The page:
I turned to look, pleased to see they had left off their silly bickering.
"Julia—" Portia began.
I held up a hand. "No more. Not another word from either of you."
"But—" Plum started.
I stared him down. "I am quite serious, Plum. You have been behaving like children, the pair of you, and I have had my fill of it. We are all of us above thirty years of age, and there is no call for us to quarrel like spoiled schoolmates. Now, let us get on with this journey like adults, shall we?"
And with that little speech, the raft sank beneath me and I slipped beneath the chilly waters of the river.
Within minutes the porters had fished me out and restored me to dry land where I was both piqued and relieved to find that my little peccadillo had caused my siblings so much mirth they were clasped in each other's arms, still wiping their eyes.
"I hope you still find it amusing when I die of some dread disease," I hissed at them, tipping the water from my hat. "Holy Mother Ganges might be a sacred river, but she is also a filthy one and I have seen enough dead bodies floating past to know it is no place for the living."
"True," Portia acknowledged, wiping at her eyes. "But this isn't the Ganges, dearest. It's the Hooghly."
Plum let out a snort. "The Hooghly is in Calcutta. This is the Rangeet," he corrected. "Apparently Julia is not the only one with a tenuous hold on geography."
Before they could fly at one another again, I gave a decided sneeze and a rather chaotic interlude followed during which the porters hastily built up a fire to ward off a chill and unpacked my trunks to provide me with dry clothing. I gave another hearty sneeze and said a fervent prayer that I had not contracted some virulent plague from my dousing in the river, whichever it might be.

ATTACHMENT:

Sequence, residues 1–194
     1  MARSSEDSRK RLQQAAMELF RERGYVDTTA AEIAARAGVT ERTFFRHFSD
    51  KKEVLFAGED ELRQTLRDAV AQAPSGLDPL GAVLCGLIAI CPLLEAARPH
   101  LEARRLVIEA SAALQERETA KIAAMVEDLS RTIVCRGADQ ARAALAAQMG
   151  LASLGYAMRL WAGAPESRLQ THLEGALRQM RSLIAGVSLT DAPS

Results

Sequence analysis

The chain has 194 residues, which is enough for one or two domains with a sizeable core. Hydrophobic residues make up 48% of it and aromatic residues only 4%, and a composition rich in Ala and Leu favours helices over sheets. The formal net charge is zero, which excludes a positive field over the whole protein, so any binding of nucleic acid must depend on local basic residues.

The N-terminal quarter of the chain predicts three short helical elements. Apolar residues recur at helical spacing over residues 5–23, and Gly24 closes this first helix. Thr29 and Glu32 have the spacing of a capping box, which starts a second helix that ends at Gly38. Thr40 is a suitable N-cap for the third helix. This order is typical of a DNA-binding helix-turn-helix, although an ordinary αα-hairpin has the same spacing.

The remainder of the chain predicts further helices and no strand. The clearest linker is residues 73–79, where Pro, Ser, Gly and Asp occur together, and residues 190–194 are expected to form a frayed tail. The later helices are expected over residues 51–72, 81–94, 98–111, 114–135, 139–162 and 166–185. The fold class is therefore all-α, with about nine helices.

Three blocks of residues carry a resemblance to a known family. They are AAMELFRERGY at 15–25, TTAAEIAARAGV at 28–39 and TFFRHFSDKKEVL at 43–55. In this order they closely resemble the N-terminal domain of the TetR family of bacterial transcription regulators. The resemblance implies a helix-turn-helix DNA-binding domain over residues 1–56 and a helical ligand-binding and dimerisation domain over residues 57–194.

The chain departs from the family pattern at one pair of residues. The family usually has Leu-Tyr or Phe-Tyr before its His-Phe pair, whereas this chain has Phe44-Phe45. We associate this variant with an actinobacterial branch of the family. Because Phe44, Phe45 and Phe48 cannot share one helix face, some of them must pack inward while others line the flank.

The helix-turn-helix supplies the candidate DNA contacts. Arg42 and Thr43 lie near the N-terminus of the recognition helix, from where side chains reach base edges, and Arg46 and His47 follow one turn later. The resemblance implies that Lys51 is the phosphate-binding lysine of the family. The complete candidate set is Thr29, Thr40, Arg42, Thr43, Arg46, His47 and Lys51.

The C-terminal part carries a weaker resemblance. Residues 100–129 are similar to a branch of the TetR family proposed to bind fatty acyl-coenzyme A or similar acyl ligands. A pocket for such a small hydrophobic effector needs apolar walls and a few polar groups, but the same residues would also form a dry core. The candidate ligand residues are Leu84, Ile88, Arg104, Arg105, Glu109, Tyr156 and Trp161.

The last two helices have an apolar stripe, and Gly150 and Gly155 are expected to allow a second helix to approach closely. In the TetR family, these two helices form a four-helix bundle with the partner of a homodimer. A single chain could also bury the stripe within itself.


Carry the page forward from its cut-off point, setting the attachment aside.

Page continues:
But even as I feared for my health, I lamented the loss of my hat. It was a delicious confection of violet tulle spotted with silk butterflies—entirely impractical even in the early spring sunshine of the foothills of the Himalayas, but wholly beautiful. "It was a present from Brisbane," I said mournfully as I turned the sodden bits over in my hands.
"I thought we were forbidden from speaking his name," Portia said, handing me a cup of tea. The porters brewed up quantities of rank, black tea in tremendous cans every time we stopped. After three days of the stuff, I had almost grown to like it.
I took a sip, pulling a face at my sister. "Of course not. It is the merest disagreement. As soon as he joins us from Calcutta, the entire matter will be resolved," I said, with a great deal more conviction than I felt.
The truth was my honeymoon had ended rather abruptly when my brother and sister arrived upon the doorstep of Shep-heard's Hotel the first week of February. The end of the archaeological season was drawing near, and Brisbane and I had thoroughly enjoyed several dinners with the various expeditions as they passed through Cairo to and from the excavations at Luxor. Brisbane had been to Egypt before, and our most recent foray into detection had left me with a fascination for the place. It had been the last stop on our extended tour of the Mediterranean and therefore had been touched with a sort of melancholy sweetness. We would be returning to England shortly and I knew we would never again share the sort of intimacy our wedding trip had provided. Brisbane's practice as a private enquiry agent and my extensive and demanding family would see to that.